I’m suspicious of single men who only have references from young, attractive women.
References are the main tool for avoiding potential creeps on the internet. Once again, you have to read between the lines and use your street smarts. If something seems off, then trust your gut. There are plenty of other hosts (and other places to stay).
Lots of people won’t leave a reference if they have a bad experience. If someone seems to host a lot but has hardly any references, that could be a warning sign.
Of course, there are retaliatory negative references (although they just redid the review system to fight that) and references that seem unfounded. Use your judgement.
Talk about your trip
No one wants to host you indefinitely. Let your prospective host know how long you’re planning on staying in their city, how long you’re traveling, and where you’re going next.
If you have a specific reason for visiting their city, like a conference or a concert, say so.
Acknowledge their profile
Many CS hosts want to know that you picked them for a reason. At least mention something to show you’ve read their profile. Personally, I think it’s great if you say why you want to stay with me.
I also want to know that you realize what you’re getting into. Lots of hosts have house rules they want you to acknowledge.
Telling a potential host that they won’t even realize you’re there probably won’t work in your favor. If that’s what you’re looking for, you’d be better off in a hostel. Most hosts want the experience of meeting you, not have a stranger crashing in their living room.
Stay with people who are nothing like you
Yes, it’s fun to stay with someone who has so much in common with you. Some of my best CS experiences were when I’ve stayed with people I (thought) I had nothing in common with.
Don’t overlook retired people and families as potential hosts. The families I’ve stayed with have been so welcoming and it’s so fun to experience family life in a new place.
I’ve even stayed with people where we didn’t have a common language — which made cooking dinner together and touring the city quite an interesting experience!
You might be super chill on vacation, but your host isn’t on vacation. Sending requests somewhere between a month and 5 days before your arrival is the best bet. If you’re planning to visit during the high season or during a special event, you’ll want to plan ahead.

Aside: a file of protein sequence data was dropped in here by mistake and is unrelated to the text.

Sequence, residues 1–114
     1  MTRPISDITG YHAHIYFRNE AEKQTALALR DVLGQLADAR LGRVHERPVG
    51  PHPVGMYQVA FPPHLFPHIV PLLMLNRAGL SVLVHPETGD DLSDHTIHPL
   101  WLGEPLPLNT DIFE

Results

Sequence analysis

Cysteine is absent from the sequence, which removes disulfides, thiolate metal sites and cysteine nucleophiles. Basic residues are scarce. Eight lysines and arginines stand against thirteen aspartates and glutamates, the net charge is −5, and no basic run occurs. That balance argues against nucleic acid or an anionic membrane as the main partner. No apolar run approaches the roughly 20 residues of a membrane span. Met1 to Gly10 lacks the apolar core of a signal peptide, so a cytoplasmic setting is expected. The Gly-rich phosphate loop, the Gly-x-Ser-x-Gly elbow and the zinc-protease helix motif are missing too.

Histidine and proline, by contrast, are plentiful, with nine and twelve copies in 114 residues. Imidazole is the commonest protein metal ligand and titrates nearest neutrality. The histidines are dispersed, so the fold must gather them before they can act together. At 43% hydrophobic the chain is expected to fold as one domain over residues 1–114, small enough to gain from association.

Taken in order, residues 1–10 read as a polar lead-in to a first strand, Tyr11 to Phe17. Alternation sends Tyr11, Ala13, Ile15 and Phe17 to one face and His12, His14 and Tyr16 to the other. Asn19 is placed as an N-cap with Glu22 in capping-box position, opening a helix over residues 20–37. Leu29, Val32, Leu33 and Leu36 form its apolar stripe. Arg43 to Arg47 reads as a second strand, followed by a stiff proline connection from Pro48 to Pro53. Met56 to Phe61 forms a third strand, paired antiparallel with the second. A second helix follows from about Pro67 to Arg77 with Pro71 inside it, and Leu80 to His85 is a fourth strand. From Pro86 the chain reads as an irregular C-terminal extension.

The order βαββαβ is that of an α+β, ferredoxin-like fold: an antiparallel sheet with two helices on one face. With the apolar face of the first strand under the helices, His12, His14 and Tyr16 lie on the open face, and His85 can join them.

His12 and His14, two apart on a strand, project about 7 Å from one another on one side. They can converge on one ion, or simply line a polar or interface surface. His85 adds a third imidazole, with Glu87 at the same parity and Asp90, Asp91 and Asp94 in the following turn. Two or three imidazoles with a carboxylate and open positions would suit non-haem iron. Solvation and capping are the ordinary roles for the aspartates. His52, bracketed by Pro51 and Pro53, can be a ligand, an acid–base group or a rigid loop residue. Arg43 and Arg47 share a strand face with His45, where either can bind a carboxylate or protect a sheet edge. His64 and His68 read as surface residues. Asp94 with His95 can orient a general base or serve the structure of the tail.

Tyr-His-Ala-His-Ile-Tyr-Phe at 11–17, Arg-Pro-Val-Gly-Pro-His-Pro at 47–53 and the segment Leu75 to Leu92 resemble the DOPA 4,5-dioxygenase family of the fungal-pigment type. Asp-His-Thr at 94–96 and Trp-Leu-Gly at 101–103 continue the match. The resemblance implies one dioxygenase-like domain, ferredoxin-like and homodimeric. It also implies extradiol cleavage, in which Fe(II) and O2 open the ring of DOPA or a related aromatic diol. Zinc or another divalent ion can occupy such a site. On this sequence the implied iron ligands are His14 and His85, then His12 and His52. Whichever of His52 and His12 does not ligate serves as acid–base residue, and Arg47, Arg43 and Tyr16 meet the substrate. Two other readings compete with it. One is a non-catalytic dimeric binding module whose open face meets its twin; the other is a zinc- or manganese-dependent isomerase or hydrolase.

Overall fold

There are always hosts who’ll accept requests at the last minute, but waiting until the last minute greatly increases the chances that no one is going to say yes.
Remember, no one owes you a place to stay.
Before you arrive
Confirm your arrival time
It never ceases to amaze me how often CouchSurfers will not tell me when they plan on arriving — and just assume I’ll be home. It’s not a good first impression. Let your host know when you’re arriving in the city and see when they’re available to meet you.
I no longer give CouchSurfers my address until we have a confirmed arrival time because I’ve gotten tired of coming home to them waiting outside my door like lost puppies. I don’t want my neighbors to think I’m running an illegal hostel in my apartment or renting out an extra room, so do your best to be on time and not make a scene.
Pay attention to directions
If your host provides very specific directions, it’s probably for a reason. In Brooklyn there’s a Franklin Avenue and a Franklin Street — they’re very far from each other, but it’s easy to get them mixed up in Google Maps. In my current building, knowing the apartment number is no help when trying to ring my doorbell, since they use randomly assigned codes instead.
Write the address down on paper, screenshot Google Maps, or do something so you won’t end up lost and helpless if something goes wrong like not being able to connect to the internet.
Sometimes a host will agree to meet you somewhere, which is great! But always make sure you have a backup plan in case things go wrong. Write down their phone number or email address on a piece of paper — you never know when your phone will die or the app will freeze.
Let them know where you’re coming from
Your host probably knows the local transit options better than you do. My host in Buffalo knew the westbound bus route started all the way in New York City and was always hours behind schedule. I know everyone gets lost their first time taking the New York City subway. Knowing where someone is coming from means I have a better idea of when to really expect them to arrive.
If you give me your flight number and you’re late, I can check to see if your flight is delayed. If your flight is delayed, I’ll know when to expect you and be ready for a CouchSurfer who needs to decompress when they arrive. If your flight is on time, I know you may have gotten distracted by a bar or — it’s happened — a Broadway show. If that’s the case, you’re on your own.
Provide alternate contact information
The old CouchSurfing site used to go down pretty often. While it’s good to arrange the details of your stay within the CouchSurfing system, it’s a good idea to give them your phone number, friend them on Facebook, or do something else so you have a second way to contact them if you need to.
Don’t make a scene